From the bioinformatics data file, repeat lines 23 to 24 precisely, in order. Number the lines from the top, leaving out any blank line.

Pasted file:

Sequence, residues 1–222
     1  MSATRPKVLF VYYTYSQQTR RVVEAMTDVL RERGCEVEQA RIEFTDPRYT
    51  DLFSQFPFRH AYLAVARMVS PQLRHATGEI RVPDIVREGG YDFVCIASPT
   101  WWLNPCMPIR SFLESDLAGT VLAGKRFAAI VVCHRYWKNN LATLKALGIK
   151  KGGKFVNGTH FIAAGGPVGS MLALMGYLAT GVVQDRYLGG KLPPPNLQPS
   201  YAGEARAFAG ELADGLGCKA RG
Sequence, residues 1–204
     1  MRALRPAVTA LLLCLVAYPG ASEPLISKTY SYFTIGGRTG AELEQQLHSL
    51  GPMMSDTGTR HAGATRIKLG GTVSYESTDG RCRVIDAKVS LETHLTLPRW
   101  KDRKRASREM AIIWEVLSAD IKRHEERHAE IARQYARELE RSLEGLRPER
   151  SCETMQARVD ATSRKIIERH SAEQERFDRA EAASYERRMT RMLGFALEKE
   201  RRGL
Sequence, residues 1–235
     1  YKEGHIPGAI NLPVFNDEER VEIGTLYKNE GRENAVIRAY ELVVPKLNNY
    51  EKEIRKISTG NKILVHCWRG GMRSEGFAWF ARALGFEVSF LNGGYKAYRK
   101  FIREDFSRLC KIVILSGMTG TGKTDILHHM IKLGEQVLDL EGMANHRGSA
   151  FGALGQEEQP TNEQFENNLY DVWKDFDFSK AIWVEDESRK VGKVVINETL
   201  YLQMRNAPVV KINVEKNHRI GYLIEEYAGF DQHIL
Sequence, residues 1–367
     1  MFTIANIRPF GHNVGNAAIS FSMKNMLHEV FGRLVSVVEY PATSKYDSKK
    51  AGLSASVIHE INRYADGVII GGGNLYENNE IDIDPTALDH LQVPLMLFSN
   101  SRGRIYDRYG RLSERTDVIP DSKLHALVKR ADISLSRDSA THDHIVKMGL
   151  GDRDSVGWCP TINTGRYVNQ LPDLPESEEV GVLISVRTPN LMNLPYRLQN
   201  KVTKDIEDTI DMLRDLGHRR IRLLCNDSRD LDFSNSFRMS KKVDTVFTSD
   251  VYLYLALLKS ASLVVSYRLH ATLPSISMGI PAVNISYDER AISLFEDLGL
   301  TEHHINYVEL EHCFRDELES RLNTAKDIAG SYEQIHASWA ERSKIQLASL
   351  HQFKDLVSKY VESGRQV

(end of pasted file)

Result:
   151  GDRDSVGWCP TINTGRYVNQ LPDLPESEEV GVLISVRTPN LMNLPYRLQN
   201  KVTKDIEDTI DMLRDLGHRR IRLLCNDSRD LDFSNSFRMS KKVDTVFTSD